The outer shaft propellers were installed on 6 and 7 June, while the three aft boilers were fire-tested for the first time on 12-14 June. Rudder and anchor chains were installed while her double bottom was completely sealed in order to depart as soon as possible. Her armament very partial. She only received her forward main battery turret, complete with guns and plating. However “B” turret only had cradles installed, no guns, not roof. The shell handling equipment was absent, as the fire control systems as the secondary turrets, with the turret rings provisionally plated over. At the last minute in case the Luftwaffe would attack her underway, it was decided to install several twin-mount 90 mm (3.5 in) Mle 1930 anti-aircraft guns. They stripped the netlayer Gladiateur and were craned down and fitted on 18 June, in place of the intended 100 mm twin guns. But no ammunition was provided, nor director. Three 37 mm guns, six of 13.2 mm mounts were also installed, under partial control of the incomplete main director.

A daring Escape

Her appointed commander, Capitaine de vaisseau Pierre-Jean Ronarc’h (previous captain of Strasbourg) was ordered on 11 June to depart for Casablanca, Morocco (French protectorate) so as soon as practical. The Germans already achieved in May their rush to the north sea at Dunkirk, but the progression southwards took more time hopefully. He setup the date of 19 June based on the local tides. With all the necessary basic crew to man the ship being summairly train, this morning, Jean Bart was towed out of the fitting-out dock by three tugboats. At 03:30 she entered the channel, rushed-dredged but still she grounded in the darkness, even bending one screw blade, but the tugs managed to pull her free.

At 04:45 her engines were started for good, and as she proceeded to slow speed, she was at noon flew over by three German Heinkel 111 bombers, going down for identification at 1,000 m (3,300 ft) and then to attack the ship whe they realized what happened.
One He 111 armed with bmbs managed a hit, the 100 kg (220 lb) bomb striking the deck between the main battery turret, but damage was light. Captain Ronarc’h then order 12 knots (22 km/h; 14 mph). At 06:30 at last she met the expected destroyers Le Hardi and Mameluk sent to add their fuly working AA defence and guard her to Casablanca.

In an event that prefigurated Catapult, the British destroyer HMS Vanquisher came to meet her with two tugs as she proceeded down the channel. By signals, Vanquisher’s captain offered to tow Jean Bart to Britain. But Ronarc’h, under strict orders to proceed to Casablanca, declined the offer. Later underway, the battleship was refuelled by tankers and at 18:00, left behind the two destroyers off Lorient, later joined by the destroyer Épée instead of Le Hardi and they proceeded at 24 knots (44 km/h; 28 mph) in the Bay of Biscay (now out of range of the Luftwaffe), rounding up the Spanish coast until Gibraltar. They arrived in Casablanca at 17:00 on 22 June.

Purgatory in Casablanca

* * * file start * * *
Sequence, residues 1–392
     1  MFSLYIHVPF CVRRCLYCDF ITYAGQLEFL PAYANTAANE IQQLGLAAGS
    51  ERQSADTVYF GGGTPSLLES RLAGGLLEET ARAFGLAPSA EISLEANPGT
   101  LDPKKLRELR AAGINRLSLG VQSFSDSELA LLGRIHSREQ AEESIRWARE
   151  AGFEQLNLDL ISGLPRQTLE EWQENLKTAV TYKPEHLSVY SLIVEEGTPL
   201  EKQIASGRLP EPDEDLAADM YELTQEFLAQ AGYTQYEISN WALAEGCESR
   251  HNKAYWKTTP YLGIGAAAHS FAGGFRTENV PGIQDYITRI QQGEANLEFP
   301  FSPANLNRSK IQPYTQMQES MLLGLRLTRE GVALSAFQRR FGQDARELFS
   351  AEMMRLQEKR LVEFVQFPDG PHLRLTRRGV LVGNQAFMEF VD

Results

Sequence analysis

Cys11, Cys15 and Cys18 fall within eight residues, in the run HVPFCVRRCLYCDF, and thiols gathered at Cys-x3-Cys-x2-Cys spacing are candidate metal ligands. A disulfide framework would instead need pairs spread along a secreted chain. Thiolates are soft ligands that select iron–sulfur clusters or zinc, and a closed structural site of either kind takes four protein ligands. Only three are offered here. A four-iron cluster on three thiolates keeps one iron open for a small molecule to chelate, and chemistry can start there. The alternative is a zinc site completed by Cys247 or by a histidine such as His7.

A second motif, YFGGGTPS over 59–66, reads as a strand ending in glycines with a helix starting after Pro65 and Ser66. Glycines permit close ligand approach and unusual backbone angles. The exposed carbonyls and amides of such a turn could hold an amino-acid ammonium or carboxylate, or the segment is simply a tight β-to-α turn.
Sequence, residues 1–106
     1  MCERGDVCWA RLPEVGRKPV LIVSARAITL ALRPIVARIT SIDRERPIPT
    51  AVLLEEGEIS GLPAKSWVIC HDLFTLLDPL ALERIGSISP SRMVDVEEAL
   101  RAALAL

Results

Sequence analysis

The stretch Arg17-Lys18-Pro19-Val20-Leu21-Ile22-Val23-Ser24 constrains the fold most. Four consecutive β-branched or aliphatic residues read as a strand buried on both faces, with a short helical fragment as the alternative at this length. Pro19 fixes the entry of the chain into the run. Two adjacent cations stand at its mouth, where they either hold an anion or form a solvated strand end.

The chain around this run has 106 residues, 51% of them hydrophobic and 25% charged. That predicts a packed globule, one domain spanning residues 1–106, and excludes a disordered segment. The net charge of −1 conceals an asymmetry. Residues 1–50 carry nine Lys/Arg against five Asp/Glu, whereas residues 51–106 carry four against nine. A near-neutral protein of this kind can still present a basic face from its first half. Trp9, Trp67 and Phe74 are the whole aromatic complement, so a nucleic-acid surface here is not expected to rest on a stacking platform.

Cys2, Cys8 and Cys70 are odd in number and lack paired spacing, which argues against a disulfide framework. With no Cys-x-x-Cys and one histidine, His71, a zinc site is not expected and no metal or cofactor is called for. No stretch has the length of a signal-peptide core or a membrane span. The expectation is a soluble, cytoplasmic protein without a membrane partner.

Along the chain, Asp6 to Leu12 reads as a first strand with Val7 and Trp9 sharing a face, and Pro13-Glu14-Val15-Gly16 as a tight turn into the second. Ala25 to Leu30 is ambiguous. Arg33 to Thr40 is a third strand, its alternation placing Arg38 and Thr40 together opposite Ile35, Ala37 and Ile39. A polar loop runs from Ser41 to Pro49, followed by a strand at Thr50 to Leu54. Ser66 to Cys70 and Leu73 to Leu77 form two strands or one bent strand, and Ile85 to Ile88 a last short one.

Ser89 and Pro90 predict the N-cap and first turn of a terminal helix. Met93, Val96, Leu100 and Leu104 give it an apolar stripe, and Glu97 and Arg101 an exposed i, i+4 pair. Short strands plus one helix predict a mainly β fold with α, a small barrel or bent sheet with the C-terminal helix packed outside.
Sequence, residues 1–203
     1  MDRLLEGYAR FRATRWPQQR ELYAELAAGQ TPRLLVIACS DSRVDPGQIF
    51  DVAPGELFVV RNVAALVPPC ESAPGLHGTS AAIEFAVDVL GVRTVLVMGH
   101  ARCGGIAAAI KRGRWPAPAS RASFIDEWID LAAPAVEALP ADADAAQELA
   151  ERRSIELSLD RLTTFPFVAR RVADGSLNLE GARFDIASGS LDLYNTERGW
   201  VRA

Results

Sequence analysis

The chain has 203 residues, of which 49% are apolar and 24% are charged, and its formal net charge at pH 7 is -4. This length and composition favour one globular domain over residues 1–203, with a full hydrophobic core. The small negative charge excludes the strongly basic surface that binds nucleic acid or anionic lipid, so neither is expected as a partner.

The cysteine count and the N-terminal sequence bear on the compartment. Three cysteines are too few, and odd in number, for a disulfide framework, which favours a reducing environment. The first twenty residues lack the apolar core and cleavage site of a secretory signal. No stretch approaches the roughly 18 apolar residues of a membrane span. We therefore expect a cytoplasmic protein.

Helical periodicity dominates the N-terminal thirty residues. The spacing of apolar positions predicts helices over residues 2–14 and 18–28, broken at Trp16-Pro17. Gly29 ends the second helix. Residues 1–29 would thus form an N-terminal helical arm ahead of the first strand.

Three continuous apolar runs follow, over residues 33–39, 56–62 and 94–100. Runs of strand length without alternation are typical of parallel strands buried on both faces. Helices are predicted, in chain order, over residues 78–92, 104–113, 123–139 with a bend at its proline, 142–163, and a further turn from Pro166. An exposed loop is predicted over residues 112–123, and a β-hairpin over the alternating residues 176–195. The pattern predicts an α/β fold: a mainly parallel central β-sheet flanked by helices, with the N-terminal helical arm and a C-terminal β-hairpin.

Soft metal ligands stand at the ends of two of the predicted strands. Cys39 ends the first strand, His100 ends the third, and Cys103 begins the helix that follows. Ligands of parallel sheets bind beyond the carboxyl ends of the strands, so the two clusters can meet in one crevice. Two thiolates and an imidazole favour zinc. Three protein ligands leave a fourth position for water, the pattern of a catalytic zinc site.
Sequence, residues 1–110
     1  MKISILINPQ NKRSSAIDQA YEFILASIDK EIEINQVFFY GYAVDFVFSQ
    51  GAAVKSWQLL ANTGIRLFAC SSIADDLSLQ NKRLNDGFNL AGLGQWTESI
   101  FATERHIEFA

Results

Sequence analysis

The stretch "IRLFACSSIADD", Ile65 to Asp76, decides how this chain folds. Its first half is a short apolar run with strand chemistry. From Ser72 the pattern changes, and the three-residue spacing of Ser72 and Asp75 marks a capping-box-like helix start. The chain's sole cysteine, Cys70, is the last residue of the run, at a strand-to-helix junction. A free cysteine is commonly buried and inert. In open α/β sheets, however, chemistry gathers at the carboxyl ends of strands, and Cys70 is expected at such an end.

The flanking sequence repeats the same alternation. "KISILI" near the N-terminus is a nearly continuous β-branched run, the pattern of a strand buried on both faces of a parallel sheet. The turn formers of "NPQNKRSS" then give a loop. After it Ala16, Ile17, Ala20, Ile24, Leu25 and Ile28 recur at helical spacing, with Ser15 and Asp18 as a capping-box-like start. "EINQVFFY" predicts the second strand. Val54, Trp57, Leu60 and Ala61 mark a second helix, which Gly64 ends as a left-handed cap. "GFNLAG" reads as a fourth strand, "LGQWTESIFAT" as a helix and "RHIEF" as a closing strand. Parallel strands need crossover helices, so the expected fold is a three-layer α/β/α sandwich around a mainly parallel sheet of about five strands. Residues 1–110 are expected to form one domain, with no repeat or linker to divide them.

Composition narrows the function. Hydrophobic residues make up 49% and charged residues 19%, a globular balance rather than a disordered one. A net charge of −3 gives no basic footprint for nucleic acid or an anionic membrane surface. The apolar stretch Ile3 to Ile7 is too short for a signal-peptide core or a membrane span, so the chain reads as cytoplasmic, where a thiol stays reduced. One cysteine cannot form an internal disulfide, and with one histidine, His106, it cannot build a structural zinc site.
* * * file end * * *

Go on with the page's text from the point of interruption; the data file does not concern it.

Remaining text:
80-G-37325: Operation Torch, Battle of Casablanca, Invasion of North Africa, November 1942. View of French battleship Jean Bart, following attack by Allied gunfire and aerial bombardment. Aerial photograph taken by aircraft from USS Ranger (CV 4), 11 November 1942. Official U.S. Navy Photograph, now in the collections of the National Archives. (2014/4/3).

In Casablanca, Jean Bart saw her onboard anti-aircraft guns removed and relocated around the port to bolster its defenses. The 90 mm and 37 mm guns ended on the jetties protecting and some of the 13.2 mm guns were put on trucks to bring a mobile defence. The Armistice of 22 June 1940 was signed. Negotiations led to the neutralization of Jean Bart and other ships in Oran (Algeria) but the final agreement stated both Jean Bart and Richelieu were to be sent in Toulon in Vichy occupied zone, to be demobilized. The Germans later cancelled this, fearing the British would try to seize the ship while underway in the Strait of Gibraltar. On their size, it’s the fear of their seizure that worried PM Winston Churchill above all else, leading to Operation Catapult in July.

By the time, no work had been done on Jean Bart, was now subject to possible British attacks. Ronarc’h started to take measure to protect the battleship, opening barbettes for the secondary turrets, having the superfiring turret covered with concrete and complete sealing og he hull, which was moved the in shallow water on 11 August in case she was to sink. 11 days later Ronarc’h was replaced by Captain Émile Barthes. In September, work proceeded as much as possible to have the ship combat ready. Casablanca however offered little in terms of supplies, materials, or cranes. On 7 September, sixteen 13.2 mm guns, seventeen 8 mm (0.31 in) machine guns were installed, judged better than nothing. In 1941, Jean Bart received an improvised director, made by using a using a torpedo tube platform from the old Enseigne Gabolde, to support a 14 m (46 ft) rangefinder. There was also a 3 m (9.8 ft) rangefinder installed on the conning tower, two more were added on the bridge wings by October to command the AA.